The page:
Harmless Fungus Protects African Crops from Deadly Strain
Possible solution to Kenya's fatal aflatoxin outbreaks
People sharing and distributing aflasafe on a farm in Nigeria.
Last updated on: June 09, 2010 8:00 PM
As Kenya suffers with another outbreak of deadly aflatoxin contamination, scientists say a harmless version of the fungus that produces the toxin could be a powerful ally in preventing future outbreaks.
Aflatoxin is a natural poison produced by a fungus that grows on maize, cassava, ground nuts, and other crops. The mold thrives in hot, humid conditions.
At high doses, aflatoxin causes liver damage that can be fatal. A 2004 outbreak in Kenya killed at least 125 people.
This month, the Kenyan government warned that at least one person had died and 2.3 million bags of maize were contaminated with the poison.
Aflatoxin is dangerous even at low doses. It can cause cancer, stunt children's growth, and weaken the immune system.
Men distributing aflasafe to farmers in Nigeria.
Giving the good guys a head start
Some of the strains found in Kenya produce especially high levels of aflatoxin. But Peter Cotty, a plant disease expert with the U.S. Department of Agriculture, says there also are naturally occurring strains of the fungus in Kenya that produce no aflatoxin at all.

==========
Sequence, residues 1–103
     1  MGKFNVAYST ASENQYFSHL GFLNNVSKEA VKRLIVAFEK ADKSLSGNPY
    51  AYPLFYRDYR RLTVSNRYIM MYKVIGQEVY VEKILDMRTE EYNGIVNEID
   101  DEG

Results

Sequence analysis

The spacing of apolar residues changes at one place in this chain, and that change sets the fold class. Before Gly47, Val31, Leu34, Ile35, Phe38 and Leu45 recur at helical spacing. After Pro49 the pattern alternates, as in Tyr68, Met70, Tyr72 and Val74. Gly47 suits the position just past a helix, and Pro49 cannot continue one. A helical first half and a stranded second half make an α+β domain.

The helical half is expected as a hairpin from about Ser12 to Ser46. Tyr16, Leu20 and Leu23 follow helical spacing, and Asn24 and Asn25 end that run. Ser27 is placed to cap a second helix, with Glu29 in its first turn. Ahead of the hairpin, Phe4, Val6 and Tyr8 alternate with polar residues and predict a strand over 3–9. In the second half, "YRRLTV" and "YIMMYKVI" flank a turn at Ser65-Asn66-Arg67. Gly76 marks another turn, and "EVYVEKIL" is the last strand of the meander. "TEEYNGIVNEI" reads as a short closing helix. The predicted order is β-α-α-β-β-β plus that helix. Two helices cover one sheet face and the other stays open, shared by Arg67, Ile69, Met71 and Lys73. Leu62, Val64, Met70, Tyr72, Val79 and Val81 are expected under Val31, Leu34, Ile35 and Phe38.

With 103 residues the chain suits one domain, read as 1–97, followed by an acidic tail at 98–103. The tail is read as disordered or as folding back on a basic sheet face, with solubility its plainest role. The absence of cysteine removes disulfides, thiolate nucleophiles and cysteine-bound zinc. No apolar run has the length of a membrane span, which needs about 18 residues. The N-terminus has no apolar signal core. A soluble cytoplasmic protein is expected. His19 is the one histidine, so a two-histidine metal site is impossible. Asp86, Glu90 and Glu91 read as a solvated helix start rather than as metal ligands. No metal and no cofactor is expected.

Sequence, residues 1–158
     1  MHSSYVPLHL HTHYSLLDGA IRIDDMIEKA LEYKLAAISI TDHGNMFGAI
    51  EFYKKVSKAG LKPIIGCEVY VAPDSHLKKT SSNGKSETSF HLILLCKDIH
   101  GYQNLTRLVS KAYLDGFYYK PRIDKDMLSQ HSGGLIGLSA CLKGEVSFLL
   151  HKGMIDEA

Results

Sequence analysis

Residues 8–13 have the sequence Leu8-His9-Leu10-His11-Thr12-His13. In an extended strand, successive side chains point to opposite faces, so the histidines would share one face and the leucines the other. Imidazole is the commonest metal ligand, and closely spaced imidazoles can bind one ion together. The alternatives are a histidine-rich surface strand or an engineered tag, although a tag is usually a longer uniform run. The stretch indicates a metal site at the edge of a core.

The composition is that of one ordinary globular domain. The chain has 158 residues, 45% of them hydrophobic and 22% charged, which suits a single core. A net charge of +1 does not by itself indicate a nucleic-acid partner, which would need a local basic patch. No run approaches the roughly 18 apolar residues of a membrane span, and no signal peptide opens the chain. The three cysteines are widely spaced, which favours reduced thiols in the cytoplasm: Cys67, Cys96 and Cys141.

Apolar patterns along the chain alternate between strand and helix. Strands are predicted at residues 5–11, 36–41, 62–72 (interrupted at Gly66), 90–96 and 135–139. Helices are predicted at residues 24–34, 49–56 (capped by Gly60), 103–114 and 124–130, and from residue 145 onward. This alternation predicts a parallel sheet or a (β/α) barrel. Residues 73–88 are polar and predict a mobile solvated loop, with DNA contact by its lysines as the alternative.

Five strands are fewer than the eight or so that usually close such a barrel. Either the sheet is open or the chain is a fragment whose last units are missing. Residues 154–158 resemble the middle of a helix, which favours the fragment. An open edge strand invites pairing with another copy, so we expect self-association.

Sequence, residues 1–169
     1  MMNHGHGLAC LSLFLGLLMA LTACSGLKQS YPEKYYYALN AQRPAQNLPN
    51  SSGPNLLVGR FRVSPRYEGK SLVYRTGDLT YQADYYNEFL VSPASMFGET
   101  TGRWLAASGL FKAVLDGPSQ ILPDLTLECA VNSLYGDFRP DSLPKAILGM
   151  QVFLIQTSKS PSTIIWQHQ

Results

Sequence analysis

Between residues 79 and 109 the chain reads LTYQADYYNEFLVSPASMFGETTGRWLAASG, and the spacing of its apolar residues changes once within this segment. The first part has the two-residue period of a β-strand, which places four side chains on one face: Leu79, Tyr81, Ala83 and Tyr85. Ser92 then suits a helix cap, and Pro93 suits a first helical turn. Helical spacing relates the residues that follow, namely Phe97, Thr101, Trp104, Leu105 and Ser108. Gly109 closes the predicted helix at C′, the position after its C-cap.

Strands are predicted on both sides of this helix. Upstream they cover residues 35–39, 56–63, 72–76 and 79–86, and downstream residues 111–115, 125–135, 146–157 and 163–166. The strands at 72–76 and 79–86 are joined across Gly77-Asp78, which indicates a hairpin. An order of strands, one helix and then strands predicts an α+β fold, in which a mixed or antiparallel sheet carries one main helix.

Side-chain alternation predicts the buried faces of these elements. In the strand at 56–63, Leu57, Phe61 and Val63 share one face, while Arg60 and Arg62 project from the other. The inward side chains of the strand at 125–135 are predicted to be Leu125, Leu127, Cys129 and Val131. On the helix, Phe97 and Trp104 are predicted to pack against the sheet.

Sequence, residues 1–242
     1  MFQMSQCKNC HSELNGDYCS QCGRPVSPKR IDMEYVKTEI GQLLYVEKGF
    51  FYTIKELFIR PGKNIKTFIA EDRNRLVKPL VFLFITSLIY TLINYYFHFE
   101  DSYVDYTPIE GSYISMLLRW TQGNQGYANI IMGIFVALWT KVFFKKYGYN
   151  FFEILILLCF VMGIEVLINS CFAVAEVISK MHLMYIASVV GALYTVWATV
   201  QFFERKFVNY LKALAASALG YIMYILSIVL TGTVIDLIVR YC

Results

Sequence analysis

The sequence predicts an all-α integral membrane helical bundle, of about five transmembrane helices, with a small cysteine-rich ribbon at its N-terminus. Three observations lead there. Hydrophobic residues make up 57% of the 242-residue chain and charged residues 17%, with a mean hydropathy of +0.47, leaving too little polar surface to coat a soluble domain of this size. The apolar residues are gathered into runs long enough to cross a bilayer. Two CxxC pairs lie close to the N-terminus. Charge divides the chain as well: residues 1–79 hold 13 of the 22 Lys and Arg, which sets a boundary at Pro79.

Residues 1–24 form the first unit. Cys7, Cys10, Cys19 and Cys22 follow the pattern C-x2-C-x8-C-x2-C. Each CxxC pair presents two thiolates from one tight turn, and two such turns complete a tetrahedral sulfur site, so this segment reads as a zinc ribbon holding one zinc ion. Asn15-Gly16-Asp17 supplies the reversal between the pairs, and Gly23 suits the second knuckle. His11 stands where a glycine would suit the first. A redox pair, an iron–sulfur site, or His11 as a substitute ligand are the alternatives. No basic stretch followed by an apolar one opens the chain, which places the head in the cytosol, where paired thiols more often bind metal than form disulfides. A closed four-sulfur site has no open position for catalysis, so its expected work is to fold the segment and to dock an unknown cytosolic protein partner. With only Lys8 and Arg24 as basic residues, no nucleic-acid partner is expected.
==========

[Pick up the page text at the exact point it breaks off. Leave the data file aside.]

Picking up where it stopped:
"They occur already in the villages. They're just at low frequency," he says. "We can use techniques to find these fungi, and we can release them in a manner that allows them to out-compete these very high toxin-producers."
Cotty and his colleagues help the harmless fungi compete by giving them a head start over the bad guys. They grow the good guys on grains such as barley or sorghum that are sterilized so they don't sprout. When farmers spread these grains among their crops, the harmless mold proliferates, feeding on dead plants and insects. It will "multiply and spread throughout the field and displace the toxin producers," he says.
Fighting fungus with fungus
Cotty and colleagues at the Nigeria-based International Institute of Tropical Agriculture (IITA) have registered a product called Aflasafe with Nigerian regulators. In field tests last year, farmers who used the grains coated with harmless fungi reduced aflatoxin contamination by an average of 80 percent.
U.S. farmers are also fighting fungus with fungus. For example, cotton growers need to ward off aflatoxin contamination or they won't be able to sell the seeds for animal feed. Michael Braverman at Rutgers University manages a program helping scientists register new natural crop protection products with U.S. regulators. He says cotton growers in the southwestern state of Arizona use the same method being tested in Nigeria.
"It's effective enough that the growers in Arizona have built their own facility to manufacture this product," he says. "They are not only consumers of the product, they are the official body that owns the registration."
Peter Cotty and the IITA are now looking for a partner to bring the technology to farmers in Kenya, where aflatoxin contamination is taking a terrible toll on people and the economy.